Monday, 4 July, 2022
HomeSouth AfricaAssisted death must be decriminalised – SA mental health practitioners

Assisted death must be decriminalised – SA mental health practitioners

A group of South African mental health practitioners and psychologists from the Cape have called on government to decriminalise medically-approved assisted death. It is an “urgent priority” for policies, legislation and professional codes to be reformed to allow assisted death where no qualify of life remains, they stress.

“The right to a death with dignity is an integral and inseparable part of the right to a life with dignity as enshrined in the Bill of Rights in the South African Constitution,” the mental health experts argued.

The George Professional Study Group (GPSG) recently issued a press release titled “In Support of Decriminalising Medically-Approved Assisted Death with Dignity – George”.

The group was not in a position to suggest details of the reform needed, but believed strongly that policies and laws should not be founded on the moral dictates of religions and-or cultural communities, offending the Constitutional rights of others.

The George group said it took this stance following the recent sentencing of assisted-suicide activist Sean Davidson and a presentation to the GPSG of the case of ‘Mr A’. “Unable to guarantee that he will be allowed to die with dignity in South Africa, Mr A, a Southern Cape patient suffering from a chronic terminal illness, has decided to use the services of the Swiss non-profit organisation, Dignitas, to end his life on his own terms.”

In discussion, the mental health specialists say, “the main theme that emerged was the conflict between current legislation which resonates with the Hippocratic oath to preserve life at all cost on the one hand and, on the other, modern medicine's ability to prolong life far beyond the point where any ‘quality of life’ remains and all that is really achieved, is an extension of suffering.”

“The unsatisfactory situation where clinicians claiming to be bound by their Hippocratic oath intervene to keep dying patients alive rather to respect the patients’ living will and express wish to be allowed to die, was also accentuated.”

The GPSG, says the release, “considers human dignity to be the essence of what defines us as individuals and asserts that without quality of life there can be no dignity. The right to dignity is anchored in every person’s Constitutional right to freedom and security which includes the right to security in and control over their body and life.”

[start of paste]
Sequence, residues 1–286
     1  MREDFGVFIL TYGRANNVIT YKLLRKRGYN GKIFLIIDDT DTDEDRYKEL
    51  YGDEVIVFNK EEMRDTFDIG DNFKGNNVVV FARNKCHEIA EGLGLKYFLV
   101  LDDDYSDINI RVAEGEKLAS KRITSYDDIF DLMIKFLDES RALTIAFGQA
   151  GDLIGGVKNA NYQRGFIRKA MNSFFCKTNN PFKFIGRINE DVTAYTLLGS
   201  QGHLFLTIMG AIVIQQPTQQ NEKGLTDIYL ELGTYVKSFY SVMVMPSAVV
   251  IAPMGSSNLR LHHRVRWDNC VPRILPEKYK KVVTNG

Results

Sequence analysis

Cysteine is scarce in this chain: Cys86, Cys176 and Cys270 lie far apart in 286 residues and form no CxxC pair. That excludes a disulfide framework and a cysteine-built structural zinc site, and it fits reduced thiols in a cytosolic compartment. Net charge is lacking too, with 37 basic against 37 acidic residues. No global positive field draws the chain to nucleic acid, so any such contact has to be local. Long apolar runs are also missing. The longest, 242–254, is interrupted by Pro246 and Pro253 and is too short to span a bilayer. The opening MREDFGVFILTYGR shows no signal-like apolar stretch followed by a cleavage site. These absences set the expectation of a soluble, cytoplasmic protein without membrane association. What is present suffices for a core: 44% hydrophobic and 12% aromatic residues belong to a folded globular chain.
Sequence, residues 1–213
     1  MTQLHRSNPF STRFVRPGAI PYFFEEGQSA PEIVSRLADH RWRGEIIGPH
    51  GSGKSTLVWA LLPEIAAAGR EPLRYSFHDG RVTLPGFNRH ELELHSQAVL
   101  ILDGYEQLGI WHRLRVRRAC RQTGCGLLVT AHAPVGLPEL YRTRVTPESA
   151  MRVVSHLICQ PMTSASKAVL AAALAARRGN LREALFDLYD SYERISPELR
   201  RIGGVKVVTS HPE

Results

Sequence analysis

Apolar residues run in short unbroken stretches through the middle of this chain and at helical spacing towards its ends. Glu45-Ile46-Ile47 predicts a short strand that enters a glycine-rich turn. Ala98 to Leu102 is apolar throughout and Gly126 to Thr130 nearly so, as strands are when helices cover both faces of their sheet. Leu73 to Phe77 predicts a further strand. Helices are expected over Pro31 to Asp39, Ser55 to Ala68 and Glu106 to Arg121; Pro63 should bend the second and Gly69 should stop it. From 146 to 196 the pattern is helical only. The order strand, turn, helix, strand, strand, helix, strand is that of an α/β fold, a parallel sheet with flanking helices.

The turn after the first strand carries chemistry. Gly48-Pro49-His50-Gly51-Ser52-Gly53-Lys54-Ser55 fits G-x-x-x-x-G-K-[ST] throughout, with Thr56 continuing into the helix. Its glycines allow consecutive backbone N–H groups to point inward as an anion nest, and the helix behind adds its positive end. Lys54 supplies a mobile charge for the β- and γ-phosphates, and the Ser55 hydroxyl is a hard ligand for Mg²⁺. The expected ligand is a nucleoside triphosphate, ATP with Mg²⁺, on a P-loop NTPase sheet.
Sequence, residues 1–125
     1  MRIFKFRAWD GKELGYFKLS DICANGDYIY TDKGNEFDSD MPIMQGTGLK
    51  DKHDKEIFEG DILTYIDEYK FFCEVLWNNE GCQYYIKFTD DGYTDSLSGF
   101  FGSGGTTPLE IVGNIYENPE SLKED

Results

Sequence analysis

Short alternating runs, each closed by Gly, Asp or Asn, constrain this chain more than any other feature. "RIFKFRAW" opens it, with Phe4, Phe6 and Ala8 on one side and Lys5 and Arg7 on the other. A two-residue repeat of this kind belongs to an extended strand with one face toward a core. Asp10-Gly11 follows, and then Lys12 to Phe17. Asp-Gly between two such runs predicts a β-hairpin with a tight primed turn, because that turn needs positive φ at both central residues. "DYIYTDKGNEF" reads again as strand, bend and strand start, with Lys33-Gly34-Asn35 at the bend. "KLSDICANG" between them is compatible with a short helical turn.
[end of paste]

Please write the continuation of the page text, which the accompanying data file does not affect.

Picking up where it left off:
It continues: “These rights must be extended to allow people, especially those suffering from terminal illness or incurable regressive mental health disorders, to be allowed to die with dignity and to decide how, where and when that should occur.

“Stated differently, the right to life ought to be expressly extended by legislation to include the right to waive the right to continued life and to die with dignity.”

Suicide and attempted suicide by people not enduring terminal illness or incurable mental health disorders was long-since decriminalised, the mental health specialists point out. “There is no reason at all why those in extremis should be denied that mercy simply because they cannot carry out the act for themselves.”

The bottom line was that, while understandable from a religious and perhaps cultural point of view, the prevailing negative attitude towards assisted death was irreconcilable with the South African Bill of Rights.

* The George Professional Study Group comprises psychologists and other mental health practitioners that meet every second month. Topics are selected with the aim of acquiring Continual Professional Development points and to focus on topics that are currently experienced as having relevance to the group. For more information, contact clinical psychologist Tjaart van der Walt on 044 8734348.





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